Compare and contrast this to the World of Darkness games, where character creation is based more around how you would like to roleplay your character than it is about your combat potential, and where sinking points into acquiring unique foibles and story hooks could be just as attractive as power maximisation. Often in these games key power gains were tied to your character overcoming certain personal faults such as fears, addictions or preconceptions.

Or 7th Sea and Legend of the Five Rings, which use "drama dice" or "void points" as a reward for strong roleplaying; these tokens can be traded off to allow the player direct influence over the fate of their character and the direction of the plot. Conflict resolution mechanics are drawn directly out of the desired tone and mood of the game, so that the outcomes of die rolls naturally reinforce the implicit genre rules.

I've picked those examples because despite their roleplaying focus they're strongly built around combat and physical danger, much like D&D. But if you go further afield to titles like Primetime Adventures and Amber you'll find systems that see combat as merely a subset of conflict resolution, and conflict resolution as something that should be subservient to the core thrust of the plot. These are real roleplaying games, where the roleplaying is the main play content.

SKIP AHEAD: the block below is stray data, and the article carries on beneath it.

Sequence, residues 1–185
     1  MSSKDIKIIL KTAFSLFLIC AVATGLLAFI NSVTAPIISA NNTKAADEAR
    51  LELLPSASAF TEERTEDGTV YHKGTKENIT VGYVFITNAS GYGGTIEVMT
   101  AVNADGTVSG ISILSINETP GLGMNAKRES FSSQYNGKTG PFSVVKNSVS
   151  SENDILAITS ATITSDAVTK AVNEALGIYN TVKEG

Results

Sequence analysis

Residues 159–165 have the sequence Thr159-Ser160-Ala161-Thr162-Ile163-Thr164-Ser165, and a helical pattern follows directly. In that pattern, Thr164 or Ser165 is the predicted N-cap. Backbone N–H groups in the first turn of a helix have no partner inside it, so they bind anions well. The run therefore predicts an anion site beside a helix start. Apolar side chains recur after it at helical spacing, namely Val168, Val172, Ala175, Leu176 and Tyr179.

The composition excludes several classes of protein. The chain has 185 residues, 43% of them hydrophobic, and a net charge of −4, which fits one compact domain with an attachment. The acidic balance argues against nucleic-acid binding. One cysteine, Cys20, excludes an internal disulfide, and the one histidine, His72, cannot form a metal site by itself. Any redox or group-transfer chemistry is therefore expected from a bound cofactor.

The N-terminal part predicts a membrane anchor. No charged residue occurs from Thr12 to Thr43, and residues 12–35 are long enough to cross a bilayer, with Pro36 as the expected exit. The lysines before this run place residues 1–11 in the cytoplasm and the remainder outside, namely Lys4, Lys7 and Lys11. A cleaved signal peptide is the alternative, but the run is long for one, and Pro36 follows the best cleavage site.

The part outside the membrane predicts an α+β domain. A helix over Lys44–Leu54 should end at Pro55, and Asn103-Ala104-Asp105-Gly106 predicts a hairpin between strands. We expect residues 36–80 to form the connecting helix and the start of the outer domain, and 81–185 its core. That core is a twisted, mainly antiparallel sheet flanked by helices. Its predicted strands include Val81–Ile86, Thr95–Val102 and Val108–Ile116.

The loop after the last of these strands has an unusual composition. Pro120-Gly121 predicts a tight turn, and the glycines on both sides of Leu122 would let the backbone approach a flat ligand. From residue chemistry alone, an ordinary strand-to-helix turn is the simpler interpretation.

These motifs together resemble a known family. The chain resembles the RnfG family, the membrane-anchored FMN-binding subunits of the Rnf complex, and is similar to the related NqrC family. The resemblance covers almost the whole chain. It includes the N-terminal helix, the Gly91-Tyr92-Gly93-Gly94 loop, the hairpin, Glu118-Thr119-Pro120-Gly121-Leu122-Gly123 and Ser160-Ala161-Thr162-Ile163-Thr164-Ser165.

So don't tell me Dungeons & Dragons is a roleplaying game. It's not. It's an excellent tabletop tactical boardgame, which distinguishes itself from titles like Descent and Heroquest by its significant level of character customisation and its encouragement to set the combat and looting gameplay within the context of a larger narrative.

Now if you'll excuse me, I have to get back to choosing my level 3 encounter power and speculating as to what feat I'll pick up at level 4.


Anonymous said...

Nice. I'm going to print the URI for this post on business cards and when people ask me why I don't care about AD&D, I'll just hand them a card.

David Cake said...

D&D has alignment rules, and some classes have enforced codes of behaviour. Admittedly, its not a lot, but perhaps enough to undermine your 'not a single mechanic' thesis.